David Leitch’s Atomic Blonde has its gun-sights set on taking down the Cold War spy thriller film in its stifled, murky intrigue- but misses significantly. Its strong period and genre markers- fuzzy analog television, Reagan’s ‘tear down that wall’ speech, bold titles declaring the setting- Berlin, 1989 are drowned out to New Order’s Blue Monday with the film declaring in lurid graffiti spray: ‘This is NOT that story’. While on its ultra-violent, seductive surface, Atomic Blonde appears miles away from Tomas Alfredson’s Tinker, Tailor, Soldier, Spy, Guy Hamilton’s Funeral in Berlin and Eon’s early James Bond films- it remains rooted in the same conventional archetypes, Macguffins, themes and even set-pieces. In other words- It IS that story‘ which you have seen many times over. Rather than redefining or reimagining the spy thriller, Leitch has merely dyed the screen in dark burlesque, with vividly stark lighting and an 80’s soundtrack, while hoping that no-one will notice how bland and convoluted it is beneath. Fortunately, Charlize Theron’s icy, domineering performance is the one weapon up its rather shallow sleeve that rescues it from total mediocrity.

Coldest City, The
Charlize Theron is a magnetic presence on-screen- able to exude a tough, cold, cocksure exterior while showing the vulnerable undersides of the character. Theron just pushes the accomplished supporting cast aside (or into a wall) so that they don’t really stand next to her.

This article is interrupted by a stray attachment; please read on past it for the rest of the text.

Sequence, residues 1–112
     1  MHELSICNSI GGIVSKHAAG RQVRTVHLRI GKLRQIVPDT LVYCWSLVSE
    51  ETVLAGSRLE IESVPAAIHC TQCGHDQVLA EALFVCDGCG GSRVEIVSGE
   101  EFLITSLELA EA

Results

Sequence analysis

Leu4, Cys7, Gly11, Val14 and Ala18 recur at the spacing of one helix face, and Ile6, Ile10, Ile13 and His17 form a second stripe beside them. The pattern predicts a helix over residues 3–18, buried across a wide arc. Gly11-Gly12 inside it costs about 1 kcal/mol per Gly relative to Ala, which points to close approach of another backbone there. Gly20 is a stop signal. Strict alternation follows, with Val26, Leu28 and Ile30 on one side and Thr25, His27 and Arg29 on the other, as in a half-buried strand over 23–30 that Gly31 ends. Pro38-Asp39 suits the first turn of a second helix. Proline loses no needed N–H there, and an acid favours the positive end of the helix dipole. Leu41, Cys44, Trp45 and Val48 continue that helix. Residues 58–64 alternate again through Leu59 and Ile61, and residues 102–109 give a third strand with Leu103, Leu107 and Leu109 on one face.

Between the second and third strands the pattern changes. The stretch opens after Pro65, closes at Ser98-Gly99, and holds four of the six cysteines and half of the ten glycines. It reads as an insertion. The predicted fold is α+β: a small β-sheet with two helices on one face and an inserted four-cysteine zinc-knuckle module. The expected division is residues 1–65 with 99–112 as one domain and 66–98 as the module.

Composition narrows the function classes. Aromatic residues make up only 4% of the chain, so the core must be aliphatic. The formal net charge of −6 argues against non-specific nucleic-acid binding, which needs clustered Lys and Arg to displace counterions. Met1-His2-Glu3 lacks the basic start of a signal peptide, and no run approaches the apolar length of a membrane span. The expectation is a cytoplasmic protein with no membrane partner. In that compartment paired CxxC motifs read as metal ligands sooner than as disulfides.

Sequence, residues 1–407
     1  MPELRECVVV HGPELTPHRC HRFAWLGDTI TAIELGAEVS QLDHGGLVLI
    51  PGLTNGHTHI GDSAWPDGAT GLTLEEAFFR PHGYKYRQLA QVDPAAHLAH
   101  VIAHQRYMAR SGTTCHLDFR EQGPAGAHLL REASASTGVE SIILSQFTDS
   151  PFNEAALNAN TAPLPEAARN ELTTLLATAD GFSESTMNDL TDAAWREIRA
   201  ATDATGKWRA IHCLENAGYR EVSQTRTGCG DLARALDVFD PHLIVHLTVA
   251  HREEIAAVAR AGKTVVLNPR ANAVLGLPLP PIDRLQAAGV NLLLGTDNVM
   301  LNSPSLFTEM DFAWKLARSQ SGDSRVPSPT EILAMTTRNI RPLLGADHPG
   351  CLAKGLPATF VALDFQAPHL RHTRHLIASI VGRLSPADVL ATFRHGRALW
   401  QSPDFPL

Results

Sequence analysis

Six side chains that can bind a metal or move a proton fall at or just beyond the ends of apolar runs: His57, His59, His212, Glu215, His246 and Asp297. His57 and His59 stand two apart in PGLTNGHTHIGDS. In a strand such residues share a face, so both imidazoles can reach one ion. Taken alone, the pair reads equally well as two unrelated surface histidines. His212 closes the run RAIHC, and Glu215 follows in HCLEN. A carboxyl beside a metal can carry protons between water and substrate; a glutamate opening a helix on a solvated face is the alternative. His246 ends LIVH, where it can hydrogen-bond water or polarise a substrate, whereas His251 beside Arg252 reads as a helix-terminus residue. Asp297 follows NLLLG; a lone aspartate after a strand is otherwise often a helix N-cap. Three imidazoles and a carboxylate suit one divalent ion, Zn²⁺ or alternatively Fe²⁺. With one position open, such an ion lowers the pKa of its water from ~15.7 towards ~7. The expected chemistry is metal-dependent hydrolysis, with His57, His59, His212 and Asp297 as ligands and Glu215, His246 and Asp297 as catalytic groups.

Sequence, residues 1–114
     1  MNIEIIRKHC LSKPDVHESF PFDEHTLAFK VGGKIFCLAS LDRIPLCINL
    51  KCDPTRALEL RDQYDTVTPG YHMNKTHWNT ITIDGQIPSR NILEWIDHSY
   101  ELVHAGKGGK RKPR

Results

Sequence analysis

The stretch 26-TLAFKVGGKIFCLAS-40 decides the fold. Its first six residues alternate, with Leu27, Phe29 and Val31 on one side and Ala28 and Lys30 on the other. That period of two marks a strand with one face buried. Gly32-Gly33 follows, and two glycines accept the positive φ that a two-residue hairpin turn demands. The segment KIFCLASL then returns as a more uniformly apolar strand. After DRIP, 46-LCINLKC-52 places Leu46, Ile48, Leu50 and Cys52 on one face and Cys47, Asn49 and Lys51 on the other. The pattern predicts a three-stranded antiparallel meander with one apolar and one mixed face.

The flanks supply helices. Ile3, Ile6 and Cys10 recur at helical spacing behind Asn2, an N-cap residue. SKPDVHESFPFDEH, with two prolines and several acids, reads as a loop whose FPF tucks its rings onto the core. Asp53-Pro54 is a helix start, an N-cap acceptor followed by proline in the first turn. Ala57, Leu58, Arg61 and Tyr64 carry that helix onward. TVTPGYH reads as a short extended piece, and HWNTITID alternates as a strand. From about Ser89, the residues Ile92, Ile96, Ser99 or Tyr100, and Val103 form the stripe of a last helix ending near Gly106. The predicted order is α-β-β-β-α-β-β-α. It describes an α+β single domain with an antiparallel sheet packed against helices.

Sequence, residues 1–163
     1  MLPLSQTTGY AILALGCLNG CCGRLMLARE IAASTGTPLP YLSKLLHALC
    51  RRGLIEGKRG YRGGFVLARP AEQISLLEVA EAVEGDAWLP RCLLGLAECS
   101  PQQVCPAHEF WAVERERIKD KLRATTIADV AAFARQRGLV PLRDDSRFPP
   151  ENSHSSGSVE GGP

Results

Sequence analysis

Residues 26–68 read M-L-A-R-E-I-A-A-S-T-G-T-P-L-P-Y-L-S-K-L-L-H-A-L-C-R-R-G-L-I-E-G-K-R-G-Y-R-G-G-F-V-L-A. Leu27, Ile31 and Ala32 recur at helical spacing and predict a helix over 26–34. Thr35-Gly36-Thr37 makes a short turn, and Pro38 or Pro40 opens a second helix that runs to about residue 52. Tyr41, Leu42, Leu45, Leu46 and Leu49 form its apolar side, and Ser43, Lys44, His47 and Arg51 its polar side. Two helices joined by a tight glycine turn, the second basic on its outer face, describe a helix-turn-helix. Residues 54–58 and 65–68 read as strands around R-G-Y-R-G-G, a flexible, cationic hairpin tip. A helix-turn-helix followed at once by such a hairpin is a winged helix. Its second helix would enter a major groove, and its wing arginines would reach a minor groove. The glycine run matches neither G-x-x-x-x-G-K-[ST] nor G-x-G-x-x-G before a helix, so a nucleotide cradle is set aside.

British Secret Service agent Lorraine Broughton (Theron) is called in by her superiors (Toby Jones and John Goodman) to account for her actions during a botched operation in Berlin. The divided city is in jubilation as the Wall comes down, but in the midst of chaos a British agent has been killed attempting to retrieve a list of double agents. Broughton descends into the seedy, dangerous city- the ‘Wild West’ in Europe- where she is told ‘not to trust anyone’. One person she certainly can’t decide whether to trust is her new partner- the hedonistic but effective spy-section head David Perceival (James McAvoy). From the moment she steps out of the airport, Broughton must navigate treachery, assassinations attempts and charm offences from Perceival, a naive French agent (Sofia Boutella) and a sadistic KGB mobster (Roland Møller). As the assignment goes from bad to worse, Broughton soon discovers she’s part of a much larger game- a cat-and-mouse hunt to apprehend the elusive traitor ‘Satchel’ at any cost. Even her own life.